Can a Cultural Tradition Excuse Animal Cruelty? Exploring the Ethics of Bullfighting

Rayna Skiver - Author

Oct. 18 2023, Published 10:21 a.m. ET

A matador holding a red cape during a bullfight.
Source: ISTOCK

The Gist:

  • Bullfighting is when a matador (bullfighter) uses a sharp object to subdue and ultimately kill a bull.

  • This dangerous sport is considered a facet of Spanish culture.

  • Spain has passed an animal welfare law, yet bullfighting still continues in some parts of the country.

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Bullfighting is a well-known element of Spanish culture, but it’s not exactly well-respected by everyone — in fact, the sport is quite controversial. While many still come to watch the events, plenty of others regard the sport as cruel and unnecessary.

Despite a major animal welfare law being passed in Spain in 2023, many cities are still legally allowed to hold these fights. Here’s everything you need to know about bullfighting ethics and why many think the practice should be banned worldwide.

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Is bullfighting ethical or cruel?

Bull pursuing person during a local bullfight.
Source: ISTOCK

Bullfighting is essentially a fight to the death. A human known as the matador — the main bullfighter — and their assistants work together to continuously harm the bull until the animal dies. Not only is the bull’s pain prolonged, but it’s also made into an event for people’s entertainment.

While it’s obvious to some that the sport is cruel and outdated, others disagree. Those with opposing viewpoints argue that the events are traditional and necessary, that bulls have great lives up until the fights, and that other animals — such as those raised for consumption — are worse off, according to Animal Ethics.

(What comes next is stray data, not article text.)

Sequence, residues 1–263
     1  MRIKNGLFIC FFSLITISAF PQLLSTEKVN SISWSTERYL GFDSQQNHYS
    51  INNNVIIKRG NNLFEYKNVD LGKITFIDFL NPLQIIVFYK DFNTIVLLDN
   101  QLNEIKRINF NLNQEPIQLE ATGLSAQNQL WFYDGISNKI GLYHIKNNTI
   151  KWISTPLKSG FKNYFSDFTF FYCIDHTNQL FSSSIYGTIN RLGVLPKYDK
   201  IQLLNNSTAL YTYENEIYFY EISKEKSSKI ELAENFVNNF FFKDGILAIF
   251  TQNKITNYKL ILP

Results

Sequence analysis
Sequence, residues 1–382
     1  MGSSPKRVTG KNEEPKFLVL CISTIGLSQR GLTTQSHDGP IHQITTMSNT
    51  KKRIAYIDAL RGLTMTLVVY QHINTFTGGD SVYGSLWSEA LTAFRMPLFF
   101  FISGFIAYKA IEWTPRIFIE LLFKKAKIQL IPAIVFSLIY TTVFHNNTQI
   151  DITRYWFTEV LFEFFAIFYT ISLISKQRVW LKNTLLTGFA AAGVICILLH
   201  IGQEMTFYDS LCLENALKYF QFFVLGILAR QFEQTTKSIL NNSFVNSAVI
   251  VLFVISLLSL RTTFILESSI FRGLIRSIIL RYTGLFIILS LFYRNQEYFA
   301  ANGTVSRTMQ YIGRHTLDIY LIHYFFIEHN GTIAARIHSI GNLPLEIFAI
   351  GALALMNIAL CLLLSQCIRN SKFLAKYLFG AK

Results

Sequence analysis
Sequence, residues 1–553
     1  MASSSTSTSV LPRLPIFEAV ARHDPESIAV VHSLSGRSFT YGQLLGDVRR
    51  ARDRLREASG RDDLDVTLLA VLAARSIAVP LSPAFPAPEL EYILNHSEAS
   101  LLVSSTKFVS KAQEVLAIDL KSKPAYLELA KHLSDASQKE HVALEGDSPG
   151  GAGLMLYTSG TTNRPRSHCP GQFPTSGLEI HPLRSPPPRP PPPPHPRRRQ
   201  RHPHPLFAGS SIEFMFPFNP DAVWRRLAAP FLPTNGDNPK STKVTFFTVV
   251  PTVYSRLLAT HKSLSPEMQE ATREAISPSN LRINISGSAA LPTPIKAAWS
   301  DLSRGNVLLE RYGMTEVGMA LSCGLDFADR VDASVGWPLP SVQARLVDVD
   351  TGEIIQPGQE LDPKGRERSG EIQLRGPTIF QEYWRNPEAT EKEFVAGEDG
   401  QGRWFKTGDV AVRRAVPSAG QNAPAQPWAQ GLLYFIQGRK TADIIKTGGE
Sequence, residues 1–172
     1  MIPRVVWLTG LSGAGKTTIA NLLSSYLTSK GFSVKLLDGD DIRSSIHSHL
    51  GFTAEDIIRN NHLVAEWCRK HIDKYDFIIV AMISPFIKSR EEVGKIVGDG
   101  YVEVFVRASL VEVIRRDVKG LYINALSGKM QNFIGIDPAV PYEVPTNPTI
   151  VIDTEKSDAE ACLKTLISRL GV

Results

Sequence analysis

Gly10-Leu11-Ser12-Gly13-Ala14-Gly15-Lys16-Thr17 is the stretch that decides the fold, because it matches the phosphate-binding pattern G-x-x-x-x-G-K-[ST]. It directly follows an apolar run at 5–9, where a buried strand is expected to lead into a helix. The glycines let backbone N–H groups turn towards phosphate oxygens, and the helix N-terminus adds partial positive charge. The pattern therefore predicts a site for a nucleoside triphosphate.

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However, these reasons can be easily discredited. For example, it’s true bullfights are considered a part of Spanish culture, but tradition isn’t an excuse to cause harm. If anything, harmful and cruel traditions should be left in the past indefinitely.

People also justify bullfighting by claiming that the bulls live wonderful lives — up until the point that they are carelessly killed for entertainment, anyway. Clearly, this line of thinking doesn’t make sense. It doesn’t matter how seemingly luxurious their lives are if they’re going to be tortured in the end.

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Some supporters try to justify bullfighting by saying that animals raised for food have it worse. Even so, harming one group of animals doesn’t make harming another acceptable. Plus, this argument forgets that it’s not necessary to harm or eat animals at all.

Despite Spain passing an animal welfare law, bullfights are still allowed.

Bull getting ready to charge a matador holding a red cape during a bullfight.
Source: ISTOCK

Obviously, animal welfare laws are meant to protect the welfare of animals. But what happens when countries start including exemptions?

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In September 2023, Spain passed a law that makes recreational activities that involve the harming of animals illegal, according to AP News. However, the country made an exception for two things: bullfighting and hunting with dogs.

Initially, hunting with dogs was included in the law, but protests from rural communities made the government reconsider. As for bullfighting, cultural heritage is the reason behind its exemption.

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Despite this disappointing caveat, this law accomplishes a lot of great things. It ensures that animals aren’t allowed to be bought at stores or online and that wild animals aren’t used in circuses. It also aims to make pet insurance, registration, and training mandatory.

However, these strides can’t overlook the exemption of bullfighting. Bullfights have proven to be unnecessary and cruel, regardless of the meaningless justifications for the events.

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